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Insights on Peacemaking

from Charles Spurgeon, Jeannette Rankin, Pastor André Trocmé, Peace Pilgrim, and Albert Schweitzer

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Charles Spurgeon

It should ever be remembered that we have no war against persons, and that the weapons which we use are not such as are forged for the deadly conflicts of mankind. The wars of a Christian are against principles, against sins, against the miseries of mankind, against that Evil One who has led man astray from his Maker. Our wars are against the iniquity which keeps man an enemy to himself. The weapons that we use are holy arguments and consecrated lives, devotion and prayer to God, teaching and example.… Ours is battling for the peace, and fighting for rest. We disturb the world to make it quiet, and turn it upside down to set it right.… We have no sympathy with any other war, but count it an evil of the direst sort, let it be disguised as it may.

Charles Spurgeon (1834–1892) was England’s most renowned preacher in the late nineteenth century. At age twenty he became pastor of London’s New Park Street Chapel. His sermons reached an estimated ten million people. This piece is from his sermon “A Good Soldier of Jesus Christ” (Sermon No. 938), June 26, 1870 at the Metropolitan Tabernacle, Newington.

Jeannette Rankin

“Boundaries are contacts as well as limits. At what point do the interests of our country meet and possibly conflict with those of other countries? What are our real interests anyway and are they worth a war for their protection? And are the interests in question those of the nation as a whole or merely those of a small group of men or even of a single man? Are such clashes anyway settled better by heat and conflict or by a reasonable adjustment?”

Jeannette Rankin (1880–1973) was the first woman to be elected to the US Congress. A lifelong pacifist, she voted against US entry into both world wars. Rankin also championed the rights of women, children, and the poor. This quote is from “Peace and the Disarmament Conference,” in Two Votes Against War: And Other Writings on Peace (A.J. Muste Memorial Institute, 2001).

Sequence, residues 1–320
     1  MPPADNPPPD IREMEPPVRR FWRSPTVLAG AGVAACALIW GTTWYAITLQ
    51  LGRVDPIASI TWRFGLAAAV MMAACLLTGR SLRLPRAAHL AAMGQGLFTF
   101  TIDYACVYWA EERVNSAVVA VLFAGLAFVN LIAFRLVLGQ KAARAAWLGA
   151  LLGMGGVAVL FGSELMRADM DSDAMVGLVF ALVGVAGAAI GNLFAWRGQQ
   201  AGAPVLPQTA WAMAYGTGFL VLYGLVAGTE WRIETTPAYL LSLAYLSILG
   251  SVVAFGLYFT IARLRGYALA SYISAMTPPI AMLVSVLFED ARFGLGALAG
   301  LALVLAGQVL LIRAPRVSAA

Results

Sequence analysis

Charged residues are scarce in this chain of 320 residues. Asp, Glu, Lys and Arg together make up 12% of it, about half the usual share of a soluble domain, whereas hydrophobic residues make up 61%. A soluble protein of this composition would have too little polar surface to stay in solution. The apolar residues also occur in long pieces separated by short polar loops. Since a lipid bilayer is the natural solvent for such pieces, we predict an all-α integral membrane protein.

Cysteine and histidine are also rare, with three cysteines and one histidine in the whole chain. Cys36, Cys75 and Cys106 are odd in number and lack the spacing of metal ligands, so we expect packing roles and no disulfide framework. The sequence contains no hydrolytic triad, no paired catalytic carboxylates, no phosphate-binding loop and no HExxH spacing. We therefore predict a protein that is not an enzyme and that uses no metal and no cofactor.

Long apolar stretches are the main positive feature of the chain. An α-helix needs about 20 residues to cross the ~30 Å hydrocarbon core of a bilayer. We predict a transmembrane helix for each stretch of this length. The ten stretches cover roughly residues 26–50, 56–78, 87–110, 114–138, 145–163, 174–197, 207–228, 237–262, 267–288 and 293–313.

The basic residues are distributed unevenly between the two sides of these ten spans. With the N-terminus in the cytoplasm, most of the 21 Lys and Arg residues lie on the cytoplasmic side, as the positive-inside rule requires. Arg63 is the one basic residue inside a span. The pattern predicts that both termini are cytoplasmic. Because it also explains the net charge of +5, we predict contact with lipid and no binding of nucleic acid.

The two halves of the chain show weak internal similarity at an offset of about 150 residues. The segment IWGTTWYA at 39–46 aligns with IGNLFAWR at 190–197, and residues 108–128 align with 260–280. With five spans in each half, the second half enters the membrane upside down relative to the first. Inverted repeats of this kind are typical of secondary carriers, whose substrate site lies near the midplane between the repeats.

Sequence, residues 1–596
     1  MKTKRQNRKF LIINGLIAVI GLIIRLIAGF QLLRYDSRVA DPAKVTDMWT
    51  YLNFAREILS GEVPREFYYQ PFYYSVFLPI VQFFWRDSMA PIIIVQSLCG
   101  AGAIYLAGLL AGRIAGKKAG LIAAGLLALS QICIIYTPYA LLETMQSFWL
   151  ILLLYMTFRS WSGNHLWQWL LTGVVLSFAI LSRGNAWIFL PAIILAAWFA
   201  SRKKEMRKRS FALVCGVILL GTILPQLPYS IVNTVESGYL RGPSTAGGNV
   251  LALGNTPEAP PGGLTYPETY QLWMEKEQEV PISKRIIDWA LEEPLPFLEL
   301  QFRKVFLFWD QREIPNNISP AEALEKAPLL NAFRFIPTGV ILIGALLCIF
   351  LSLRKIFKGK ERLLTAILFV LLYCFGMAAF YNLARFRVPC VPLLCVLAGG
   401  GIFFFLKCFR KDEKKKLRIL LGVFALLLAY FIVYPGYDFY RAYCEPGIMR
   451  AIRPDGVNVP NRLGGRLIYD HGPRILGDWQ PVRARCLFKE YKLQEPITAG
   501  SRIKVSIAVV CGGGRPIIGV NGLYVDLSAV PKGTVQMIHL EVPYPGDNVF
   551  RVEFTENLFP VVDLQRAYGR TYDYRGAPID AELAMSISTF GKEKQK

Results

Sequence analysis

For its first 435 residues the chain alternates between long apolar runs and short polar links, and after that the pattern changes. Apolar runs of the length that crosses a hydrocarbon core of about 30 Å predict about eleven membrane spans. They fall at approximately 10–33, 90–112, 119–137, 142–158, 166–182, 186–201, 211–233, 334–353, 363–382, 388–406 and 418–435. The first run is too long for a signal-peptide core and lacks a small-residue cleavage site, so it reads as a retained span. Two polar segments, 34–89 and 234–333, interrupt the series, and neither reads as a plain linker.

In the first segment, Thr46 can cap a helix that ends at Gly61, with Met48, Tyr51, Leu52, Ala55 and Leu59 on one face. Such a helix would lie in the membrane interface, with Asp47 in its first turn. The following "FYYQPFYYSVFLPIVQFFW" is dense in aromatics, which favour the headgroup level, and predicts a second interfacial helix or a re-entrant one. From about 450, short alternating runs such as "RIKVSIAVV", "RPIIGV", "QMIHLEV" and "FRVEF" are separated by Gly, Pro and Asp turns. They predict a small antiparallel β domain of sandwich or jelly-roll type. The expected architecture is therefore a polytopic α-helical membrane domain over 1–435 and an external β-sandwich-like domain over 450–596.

Pastor André Trocmé

“Perhaps it is true that certain violent remedies employed against tyrants have put an end to certain forms of evil, but they have not eliminated evil. Evil itself will take root elsewhere, as we have seen through history. The fertilizer that stimulates its growth is yesterday’s violence. Even “just wars” and “legitimate defense” bring vengeance in their train. Fresh crimes invariably ensue. But the future of the person who turns to God is not determined by the past, and therefore neither is the future of humanity. God’s forgiveness creates the possibility of an entirely new future. The cross breaks the cycle of violence.”

Pastor André Trocmé (1901–1971) led a nonviolent resistance movement in Le Chambon, France, during World War II. He and fellow villagers provided refuge for an estimated 2,500 Jews. After the war, he served as European secretary for the Fellowship of Reconciliation. This piece is from Jesus and the Nonviolent Revolution (Plough, 2003) 152.

Peace Pilgrim

“No one walks so safely as one who walks humbly and harmlessly with great love and great faith. For such a person gets through to the good in others (and there is good in everyone), and therefore cannot be harmed. This works between individuals, it works between groups, and it would work between nations if nations had the courage to try it.”

For twenty-eight years, Mildred Lisette Norman Ryder (1908–1981), known as “Peace Pilgrim,” crisscrossed America on foot to share her simple message: “Overcome evil with good, falsehood with truth, and hatred with love.” She had one set of clothing, carried no money, and only ate when food was offered. After 25,000 miles she stopped counting and kept walking. This quote if from Peace Pilgrim: Her Life and Work in Her Own Words (Ocean Tree Books, 1982), 31

Albert Schweitzer

“We live in a time when the good faith of peoples is doubted more than ever before. Expressions throwing doubt on the trust­worthiness of each other are bandied back and forth.…We cannot continue in this paralyzing mistrust. If we want to work our way out of the desperate situation in which we find ourselves, another spirit must enter into the people.…We must approach them in the spirit that we are human beings, all of us, and that we feel ourselves fitted to feel with each other; to think and will together in the same way.”

By age thirty Albert Schweitzer (1875–1965) was already an acclaimed organist, pastor, and scholar. But the lack of medical care in Africa convinced him to devote the rest of his life to serving the people there as a physician. In 1913 he and his wife Hélène opened a hospital in present-day Gabon, where he worked until his death at age ninety. Schweitzer was awarded the 1952 Nobel Peace Prize. This quote is from Peace or Atomic War? (Henry Holt, 1958), page 44.

 

 

 

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